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Sermon #3218

A Right Approach to Election

A Sermon on the Doctrine of Election from Romans 9:14

Scripture

Romans 9:14 ESV NASB KJV
What shall we say then? Is there injustice on God’s part? By no means! (ESV)

Sermon Description

Does God really choose who to save? How should one respond after hearing the truth about the doctrine of election? For some, this is the hardest concept to grasp in all of theology. In this sermon on Romans 9:14 titled “A Right Approach,” Dr. Martyn Lloyd-Jones explains Paul’s exclamation by first stating that one should never try to manipulate the Scripture of God to make it fit what they want it to say. He then goes on to outline several viewpoints of how people might respond after hearing the true teaching of election and salvation. In the second part of this message, Dr. Lloyd-Jones asks how someone should respond. First, they should be thankful that the apostle Paul never skirts around the issue. Just because something is difficult to grasp does not give permission to dismiss it from Scripture. One should always be careful of the inner spirit when dealing with this issue. One should never approach it with a bipartisan attitude or by debating it. Finally, one should always acknowledge that the Scripture is the word of God and the Christian must submit themselves to the whole of it even when they do not understand. Election is how God carries out his perfect plan and they should know that not all things are meant for human understanding.

Sermon Breakdown

  1. The apostle Paul is dealing with the question of why the majority of Jews are outside the church and Gentiles are coming in.
  2. Paul wants to show this does not mean God's purpose has failed or changed. God's purpose stands according to election.
  3. Paul uses the examples of Abraham's sons and Isaac's sons to show God chooses some and rejects others to carry out his purpose.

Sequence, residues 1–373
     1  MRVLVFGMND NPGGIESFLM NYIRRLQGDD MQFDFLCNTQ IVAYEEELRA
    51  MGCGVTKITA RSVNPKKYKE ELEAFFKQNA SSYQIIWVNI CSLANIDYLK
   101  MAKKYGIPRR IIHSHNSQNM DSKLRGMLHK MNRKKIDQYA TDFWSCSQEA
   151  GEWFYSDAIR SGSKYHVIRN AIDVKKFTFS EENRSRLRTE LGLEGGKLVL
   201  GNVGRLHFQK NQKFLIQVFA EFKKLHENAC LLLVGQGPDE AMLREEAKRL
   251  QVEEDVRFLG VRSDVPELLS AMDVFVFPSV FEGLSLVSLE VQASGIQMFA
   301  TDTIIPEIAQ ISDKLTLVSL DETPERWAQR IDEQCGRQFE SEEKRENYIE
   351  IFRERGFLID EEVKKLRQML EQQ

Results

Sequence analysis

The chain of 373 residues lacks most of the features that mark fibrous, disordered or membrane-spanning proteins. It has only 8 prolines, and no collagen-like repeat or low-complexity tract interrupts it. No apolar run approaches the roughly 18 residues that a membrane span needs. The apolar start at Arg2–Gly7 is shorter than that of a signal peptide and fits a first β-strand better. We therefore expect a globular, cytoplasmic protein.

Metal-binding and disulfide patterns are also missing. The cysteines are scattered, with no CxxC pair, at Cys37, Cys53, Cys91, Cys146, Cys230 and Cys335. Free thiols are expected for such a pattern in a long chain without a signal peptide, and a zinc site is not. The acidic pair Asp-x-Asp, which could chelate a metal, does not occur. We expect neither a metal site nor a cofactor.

4. Paul raises and answers an objection to this teaching in verses 14-24.
  5. We must understand what Paul has said so far to understand the objection and answer. Some common misinterpretations of Paul's teaching so far:
  6. Paul is only dealing with nations, not individuals. But Paul refers to individuals like Jacob and Esau, and says "us whom he hath called."
  7. Paul is only dealing with election to privilege, not salvation. But Paul is dealing with who comes to faith, not just privilege.
  8. Paul is just justifying justification by faith. But Paul is dealing with who is justified by faith, not just the method.
  9. God chose Jacob and Esau because he foresaw their faith. But Paul says the choice was before they had done anything good or bad.
  10. The correct view is that God chooses some for salvation and rejects others to carry out his purpose, according to his will alone. This view leads to the objection Paul raises.
  11. We must approach this passage with the right spirit: humility, reverence, recognizing we can't fully understand God. We must believe even what we don't understand.
  12. Paul deals with this topic using Scripture, showing he views Scripture as the word of God. We must submit to Scripture, not argue against it.
  13. Many great teachers in church history have held the view Paul teaches here. We must be careful not to reject it just because we don't understand.
  14. Paul's main point is that if we are God's children, we will always be in his purpose and saved. Election shows how God infallibly accomplishes his purpose despite our weakness.

The Book of Romans

Dr. Martyn Lloyd-Jones

Dr. Martyn Lloyd-Jones (1899-1981) was a Welsh evangelical minister who preached and taught in the Reformed tradition. His principal ministry was at Westminster Chapel, in central London, from 1939-1968, where he delivered multi-year expositions on books of the bible such as Romans, Ephesians and the Gospel of John. In addition to the MLJ Trust’s collection of 1,600 of these sermons in audio format, most of these great sermon series are available in book form (including a 14 volume collection of the Romans sermons), as are other series such as "Spiritual Depression", "Studies in the Sermon on the Mount" and "Great Biblical Doctrines". He is considered by many evangelical leaders today to be an authority on biblical truth and the sufficiency of Scripture.